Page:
The program secrets of 100% hard rock

Olivier Vairon is the creator of this radio station devoted exclusively to hard rock. A well-identified musical style for a program that allows you to listen to AC/DC, Led Zeppelin, Deep Purple, Def Leppard or Scorpions. Created on Radionomy, the radio has been monetized on Shoutcast since 2020. Olivier answered our questions and reveals his little programming secrets. 

Hello Olivier, can you remind us of the main stages in the “life” of your radio station?

First of all, the idea of creating a web radio. Then to find the support. I discovered Radionomy, which I find simple, practical, and free. So I decided to take the plunge. My goal was to make a mini-encyclopedia of hard music. To listen to hard music in all its forms: hard FM, metal, heavy, etc… and from all eras. In short, not to stay on a handful of bands from the 70s or 80s. I started with a few hundred tracks, then 1000 then 2000 and 2200 today. I don’t do shows or features. 100% Hard-Rock is continuous hardcore tracks, with no talk: just zic!

Has the concept evolved over the years?

The concept is to be able to listen to hard music from the ’70s to today from well known and not so well known bands. As long as it’s melodic hard rock. It hasn’t changed because it’s a broadcast web radio, no live shows or anything like that. As the months go by, the program is enriched with a few recent tracks that I’ve just discovered.

Is the program consistent throughout the day or week?

It is homogeneous and varied in the sense that every hour the listener is sure to hear songs from the 70s, 80s, 90s, 2000, 2010, or now. There are as many well-known classics as there are less well-known tracks like the ones just released.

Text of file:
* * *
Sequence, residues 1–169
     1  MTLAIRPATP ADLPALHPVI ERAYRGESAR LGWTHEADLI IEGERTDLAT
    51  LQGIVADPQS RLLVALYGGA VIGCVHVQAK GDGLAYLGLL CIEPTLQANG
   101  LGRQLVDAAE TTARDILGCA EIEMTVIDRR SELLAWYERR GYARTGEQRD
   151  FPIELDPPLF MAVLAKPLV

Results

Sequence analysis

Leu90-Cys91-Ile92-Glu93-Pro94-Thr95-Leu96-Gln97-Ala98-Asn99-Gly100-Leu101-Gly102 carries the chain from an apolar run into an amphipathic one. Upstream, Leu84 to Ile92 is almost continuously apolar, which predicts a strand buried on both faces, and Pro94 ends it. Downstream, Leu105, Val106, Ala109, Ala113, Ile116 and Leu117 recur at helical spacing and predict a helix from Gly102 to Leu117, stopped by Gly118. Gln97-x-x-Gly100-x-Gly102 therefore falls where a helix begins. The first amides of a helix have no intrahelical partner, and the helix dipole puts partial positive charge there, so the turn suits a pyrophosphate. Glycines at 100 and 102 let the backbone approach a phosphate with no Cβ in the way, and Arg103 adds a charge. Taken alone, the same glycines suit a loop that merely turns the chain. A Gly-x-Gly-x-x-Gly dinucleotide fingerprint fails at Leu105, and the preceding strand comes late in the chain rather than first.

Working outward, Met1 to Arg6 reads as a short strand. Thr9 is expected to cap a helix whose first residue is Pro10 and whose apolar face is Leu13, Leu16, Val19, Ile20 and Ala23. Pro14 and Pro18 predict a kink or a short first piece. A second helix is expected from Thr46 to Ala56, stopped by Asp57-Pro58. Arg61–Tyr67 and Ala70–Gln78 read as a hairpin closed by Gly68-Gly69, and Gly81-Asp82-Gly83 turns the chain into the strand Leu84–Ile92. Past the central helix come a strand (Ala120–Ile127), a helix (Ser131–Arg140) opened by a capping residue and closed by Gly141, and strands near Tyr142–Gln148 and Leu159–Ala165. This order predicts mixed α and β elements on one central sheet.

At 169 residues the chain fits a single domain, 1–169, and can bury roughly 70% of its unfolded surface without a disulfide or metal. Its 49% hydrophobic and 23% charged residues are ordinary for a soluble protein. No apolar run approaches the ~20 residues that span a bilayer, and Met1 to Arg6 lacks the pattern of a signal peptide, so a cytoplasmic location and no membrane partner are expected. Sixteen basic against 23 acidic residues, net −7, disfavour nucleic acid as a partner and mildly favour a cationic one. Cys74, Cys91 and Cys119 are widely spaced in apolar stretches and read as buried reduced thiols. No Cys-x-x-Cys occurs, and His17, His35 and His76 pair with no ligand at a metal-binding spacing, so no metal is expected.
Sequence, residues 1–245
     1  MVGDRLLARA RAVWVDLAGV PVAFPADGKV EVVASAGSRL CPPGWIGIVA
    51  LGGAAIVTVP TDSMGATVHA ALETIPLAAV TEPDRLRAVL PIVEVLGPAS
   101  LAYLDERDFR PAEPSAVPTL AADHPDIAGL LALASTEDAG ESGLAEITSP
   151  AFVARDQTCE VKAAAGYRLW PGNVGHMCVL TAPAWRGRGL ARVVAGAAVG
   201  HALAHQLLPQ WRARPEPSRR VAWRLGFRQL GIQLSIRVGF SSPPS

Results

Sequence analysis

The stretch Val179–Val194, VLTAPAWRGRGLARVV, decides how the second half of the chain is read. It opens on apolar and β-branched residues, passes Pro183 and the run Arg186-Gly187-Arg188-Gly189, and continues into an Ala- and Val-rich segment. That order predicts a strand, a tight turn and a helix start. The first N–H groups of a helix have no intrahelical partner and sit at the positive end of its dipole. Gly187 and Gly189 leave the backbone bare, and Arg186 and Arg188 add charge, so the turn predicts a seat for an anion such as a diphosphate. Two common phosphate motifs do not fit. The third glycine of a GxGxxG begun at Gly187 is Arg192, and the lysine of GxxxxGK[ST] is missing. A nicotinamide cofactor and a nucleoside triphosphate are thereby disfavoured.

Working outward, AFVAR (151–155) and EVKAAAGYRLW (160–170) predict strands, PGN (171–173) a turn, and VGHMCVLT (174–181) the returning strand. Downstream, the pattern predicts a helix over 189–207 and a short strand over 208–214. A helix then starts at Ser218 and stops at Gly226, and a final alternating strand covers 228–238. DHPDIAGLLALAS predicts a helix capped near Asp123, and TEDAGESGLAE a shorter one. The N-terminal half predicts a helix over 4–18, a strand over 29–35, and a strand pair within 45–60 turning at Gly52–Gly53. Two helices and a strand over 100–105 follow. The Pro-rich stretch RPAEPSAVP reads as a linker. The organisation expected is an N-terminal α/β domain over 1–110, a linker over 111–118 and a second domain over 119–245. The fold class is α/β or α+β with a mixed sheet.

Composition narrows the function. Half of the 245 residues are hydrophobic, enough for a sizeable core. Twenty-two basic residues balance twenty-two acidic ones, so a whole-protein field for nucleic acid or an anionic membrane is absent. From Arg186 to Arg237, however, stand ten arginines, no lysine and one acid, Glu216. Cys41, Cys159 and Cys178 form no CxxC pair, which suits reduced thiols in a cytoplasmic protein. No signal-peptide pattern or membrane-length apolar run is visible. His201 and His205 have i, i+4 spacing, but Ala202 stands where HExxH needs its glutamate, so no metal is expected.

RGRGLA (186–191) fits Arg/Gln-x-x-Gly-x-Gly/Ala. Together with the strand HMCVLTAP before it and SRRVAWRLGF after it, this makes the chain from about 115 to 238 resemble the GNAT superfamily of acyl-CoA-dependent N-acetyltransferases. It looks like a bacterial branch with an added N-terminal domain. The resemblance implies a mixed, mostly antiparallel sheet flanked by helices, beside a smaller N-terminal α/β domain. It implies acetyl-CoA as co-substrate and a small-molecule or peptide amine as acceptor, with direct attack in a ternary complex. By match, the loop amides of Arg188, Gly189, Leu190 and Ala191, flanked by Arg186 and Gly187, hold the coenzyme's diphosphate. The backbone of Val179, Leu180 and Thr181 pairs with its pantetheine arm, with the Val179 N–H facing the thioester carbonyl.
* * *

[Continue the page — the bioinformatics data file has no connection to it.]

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How is it organized?

I’ve got 2,200 songs running all the time. That’s about 400 bands. That means a song plays once every 5 days or so. I do 30-minute trays for each year: 85 for example where there are only titles from the year 85 without band rehearsals. And I have 23 half-hour bins also of standards like AC/DC’s Highway to Hell or Led Zep’s Stairway to Heaven that everybody knows and that listeners want to hear quite often. Then I make 2-hour clocks with a year 75, a year 98, the year 2019, and one of classics for example. This means that every quarter of an hour, you listen to a song from each of these 3 years and a standard. And the next two hours will be the years 82, 94 and 2006 for example. My original idea was indeed to mix the decades. Finally, in two hours, no band plays twice, unless it has a classic. The idea is to discover a good part of what Hard-Rock has been able to produce from the 70s to now.

Do you regularly renew this programming?

Not regularly since my bins and clocks are done. But my days change with the clocks that are the same. All you have to do is change the arrangement of the clocks. What also changes are the novelties. About 5 to 10 per week that I add to a bin and that is added to the program.

How do you get the headlines you put out there?

For me to broadcast a title, I have to like it a minimum. It has to be hard, that is to say, that the saturated guitar has to be the backbone of the song, but it has to be melodic. In the beginning, I used to buy MP3s on mp3panda.com. Convenient, lots of choices, and cheap for legal downloads. And then I get more and more MP3 mailings from bands or producers who want me to play them.

What are the most popular artists on your radio?

By far the most broadcasted with 60 tracks is Scorpions because Scorpions is 50 years of career and 18 studio albums. Then AC/DC, Deep Purple, Def Leppard, Iron Maiden, and Van Halen. In short, the must-haves. Then it’s Eclipse, Entwine, and Pretty Maids, current bands of which I play about 20 songs each.

Why is this hard rock musical style effective in web r adio?

Because it’s about the only place you can listen to it now. Classical radio stations play current commercial music.

Do you monetize or do you plan to monetize your radio?

I have never monetized. But, after thinking about it, I decided to sign the contract at the beginning of the year for 100% Hard-Rock but also 100% Pop and 100% Progressive Rock because they exceed 8000 listening hours per month.